Boaters are urged to be on the lookout for floating debris on or just below the water surface following heavy rain or high-water events. They should adjust their speed accordingly and always wear personal flotation gear.

Smith Mountain Project is a 636-megawatt pumped storage hydroelectric facility on the Roanoke River that utilizes an upper reservoir (Smith Mountain Lake) and a lower reservoir (Leesville Lake).  Combined, the project includes about 600 miles of shoreline. Water stored in Smith Mountain Lake passes through turbine-generators in the dam powerhouse to produce electricity and is discharged into Leesville Lake.  From there some water is released through the Leesville Dam or pumped back into Smith Mountain. The 50-year old project was built and is operated by Appalachian Power and is a key tourism and economic driver for southwest Virginia.

A Virginia Tech study finds that earthquakes in heavy oil production areas are getting deeper underground — and it appears directly connected to injection of oilfield wastewater into the ground. The study focused on oilfields in Kansas and Oklahoma which experienced more quakes on average after production there greatly increased in recent years. WFIR’s Evan Jones reports on its key findings:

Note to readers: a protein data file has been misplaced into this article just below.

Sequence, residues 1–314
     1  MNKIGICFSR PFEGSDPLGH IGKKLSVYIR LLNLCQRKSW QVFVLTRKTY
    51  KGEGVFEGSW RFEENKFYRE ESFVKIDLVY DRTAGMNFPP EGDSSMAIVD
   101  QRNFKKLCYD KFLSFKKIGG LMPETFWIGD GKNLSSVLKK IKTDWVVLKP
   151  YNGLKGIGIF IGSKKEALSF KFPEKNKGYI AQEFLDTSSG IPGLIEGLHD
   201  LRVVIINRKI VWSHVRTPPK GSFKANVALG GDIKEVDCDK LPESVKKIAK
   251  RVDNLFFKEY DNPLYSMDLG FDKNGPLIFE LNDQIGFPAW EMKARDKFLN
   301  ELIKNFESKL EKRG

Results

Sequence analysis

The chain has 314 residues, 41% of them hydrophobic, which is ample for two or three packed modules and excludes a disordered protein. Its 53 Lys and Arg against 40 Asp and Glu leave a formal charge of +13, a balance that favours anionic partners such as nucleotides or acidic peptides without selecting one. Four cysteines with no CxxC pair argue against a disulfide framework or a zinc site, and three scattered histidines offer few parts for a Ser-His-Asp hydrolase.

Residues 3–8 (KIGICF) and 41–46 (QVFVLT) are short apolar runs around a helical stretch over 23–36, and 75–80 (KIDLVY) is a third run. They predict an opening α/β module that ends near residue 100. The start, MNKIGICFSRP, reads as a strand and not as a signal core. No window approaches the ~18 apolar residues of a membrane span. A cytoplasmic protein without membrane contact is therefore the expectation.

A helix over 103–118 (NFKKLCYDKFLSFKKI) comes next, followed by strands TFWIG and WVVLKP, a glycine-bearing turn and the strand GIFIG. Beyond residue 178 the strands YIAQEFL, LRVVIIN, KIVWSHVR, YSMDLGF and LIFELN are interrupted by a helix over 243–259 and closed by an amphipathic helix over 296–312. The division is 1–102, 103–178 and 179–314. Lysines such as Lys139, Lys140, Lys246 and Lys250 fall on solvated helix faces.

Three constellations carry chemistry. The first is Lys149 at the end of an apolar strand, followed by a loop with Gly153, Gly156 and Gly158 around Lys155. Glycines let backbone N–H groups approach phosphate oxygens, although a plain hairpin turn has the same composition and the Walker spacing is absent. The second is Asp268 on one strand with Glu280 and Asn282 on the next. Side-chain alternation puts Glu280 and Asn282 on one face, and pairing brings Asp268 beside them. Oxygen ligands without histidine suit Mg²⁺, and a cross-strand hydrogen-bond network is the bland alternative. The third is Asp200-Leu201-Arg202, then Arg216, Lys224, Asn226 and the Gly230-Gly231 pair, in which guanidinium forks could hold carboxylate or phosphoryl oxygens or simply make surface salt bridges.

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ROANOKE, Va. (AP) _ The Virginia Department of Environmental Quality has fined an automotive factory more than $168,000 for releasing excessive levels of hydrochloric acid into the air. The Roanoke Times reports Dynax America Corp., located in Botetourt County, has until late this month to provide state regulators with a corrective plan. The U.S. Environmental Protection Agency says hydrochloric acid is a hazardous air pollutant that can cause serious health and environmental issues. State regulators say Dynax’s releases didn’t lead to any documented harm. A 2017 permit says Dynax could emit about .08 pounds (.03 kilograms) of hydrochloric acid per hour, but a test late that year showed the release rate was about five times that. A test last summer found the rate to be nearly seven times the permitted amount.